Butterfly weed emerges late in spring, sending up many upright stems sporting lance-shaped, deep green leaves. It blooms for many weeks during the summer, bearing large clusters of small, crown-shaped flowers in shades of orange.
In autumn, the slender brown seedpods split open to disperse small, flat seeds, each attached to a silky plume that helps waft seeds through the air. It’s not invasive, but if you don’t want the seeds just deadhead after bloom. Butterfly weed is a great choice for dry, sandy sites.
Common name: Butterfly weed
Botanical name: Asclepias tuberosa
Plant type: Herbaceous perennial
Zones: 3 to 9
Height: 15 to 30 inches
- Sun: Full sun
- Soil: Sandy or gravelly; well-drained
- Moisture: Average to dry; drought-tolerant once established
- Mulch: None
- Pruning: None
- Fertilizer: Topdress with a ½-inch layer of compost in spring
Pests and diseases
- May develop root rot in poorly drained soils
- ‘Hello Yellow’ has sunny yellow flowers.
- ‘Gay Butterflies’ is a seed strain that produces blooms in a range of colors from yellow to orange and scarlet.
- As its name implies, butterfly weed is attractive to butterflies. Many species will visit the flowers, and the foliage is a food source for monarch caterpillars.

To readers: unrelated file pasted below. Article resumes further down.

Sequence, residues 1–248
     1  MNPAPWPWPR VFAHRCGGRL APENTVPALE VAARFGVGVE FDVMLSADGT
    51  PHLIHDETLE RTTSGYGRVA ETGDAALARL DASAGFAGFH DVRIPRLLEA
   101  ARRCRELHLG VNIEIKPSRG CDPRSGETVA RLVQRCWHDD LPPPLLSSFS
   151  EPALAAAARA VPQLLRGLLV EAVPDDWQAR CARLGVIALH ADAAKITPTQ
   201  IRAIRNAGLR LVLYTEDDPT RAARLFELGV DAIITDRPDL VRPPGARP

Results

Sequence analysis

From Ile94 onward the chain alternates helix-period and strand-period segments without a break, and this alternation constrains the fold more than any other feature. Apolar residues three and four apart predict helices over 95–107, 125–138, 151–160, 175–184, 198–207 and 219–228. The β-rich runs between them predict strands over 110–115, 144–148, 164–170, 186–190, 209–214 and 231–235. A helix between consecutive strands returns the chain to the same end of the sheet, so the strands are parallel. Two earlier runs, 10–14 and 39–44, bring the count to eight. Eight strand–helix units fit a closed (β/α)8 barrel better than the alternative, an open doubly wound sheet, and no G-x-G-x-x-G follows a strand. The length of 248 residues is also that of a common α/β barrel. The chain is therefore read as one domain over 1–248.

- Butterfly weed mingles beautifully with other prairie flowers including purple coneflower, false indigo and penstemon.
- Established plants are difficult to transplant because of their long taproots. If you must move a butterfly weed, dig down as far as possible to keep more of the root.
All in the family
- Butterfly weed is a member of the dogbane family (Apocynaceae), which contains about a thousand species of woody and herbaceous plants that grow primarily in tropical and subtropical regions.
- Other familiar garden and house plants in the dogbane family include Vinca, Madagascar periwinkle (Catharanthus roseus), wax flower (Hoya), frangipani (Plumeria) and oleander (Nerium oleander).
- Milkweeds (Asclepias spp.) are the only plants that monarch butterflies use as a host plant.
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